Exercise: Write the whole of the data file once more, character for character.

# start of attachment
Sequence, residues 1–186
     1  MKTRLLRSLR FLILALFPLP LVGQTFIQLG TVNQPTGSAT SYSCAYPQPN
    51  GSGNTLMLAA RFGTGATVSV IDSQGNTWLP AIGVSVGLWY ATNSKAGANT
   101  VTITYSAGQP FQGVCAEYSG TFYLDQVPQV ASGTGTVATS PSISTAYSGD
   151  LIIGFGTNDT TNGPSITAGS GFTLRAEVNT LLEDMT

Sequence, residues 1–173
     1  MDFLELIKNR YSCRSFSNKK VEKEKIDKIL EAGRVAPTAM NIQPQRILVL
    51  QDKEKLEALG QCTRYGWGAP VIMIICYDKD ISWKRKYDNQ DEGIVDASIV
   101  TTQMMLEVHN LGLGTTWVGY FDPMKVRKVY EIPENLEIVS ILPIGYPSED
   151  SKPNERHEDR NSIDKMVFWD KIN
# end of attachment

Sequence, residues 1–186
     1  MKTRLLRSLR FLILALFPLP LVGQTFIQLG TVNQPTGSAT SYSCAYPQPN
    51  GSGNTLMLAA RFGTGATVSV IDSQGNTWLP AIGVSVGLWY ATNSKAGANT
   101  VTITYSAGQP FQGVCAEYSG TFYLDQVPQV ASGTGTVATS PSISTAYSGD
   151  LIIGFGTNDT TNGPSITAGS GFTLRAEVNT LLEDMT

Sequence, residues 1–173
     1  MDFLELIKNR YSCRSFSNKK VEKEKIDKIL EAGRVAPTAM NIQPQRILVL
    51  QDKEKLEALG QCTRYGWGAP VIMIICYDKD ISWKRKYDNQ DEGIVDASIV
   101  TTQMMLEVHN LGLGTTWVGY FDPMKVRKVY EIPENLEIVS ILPIGYPSED
   151  SKPNERHEDR NSIDKMVFWD KIN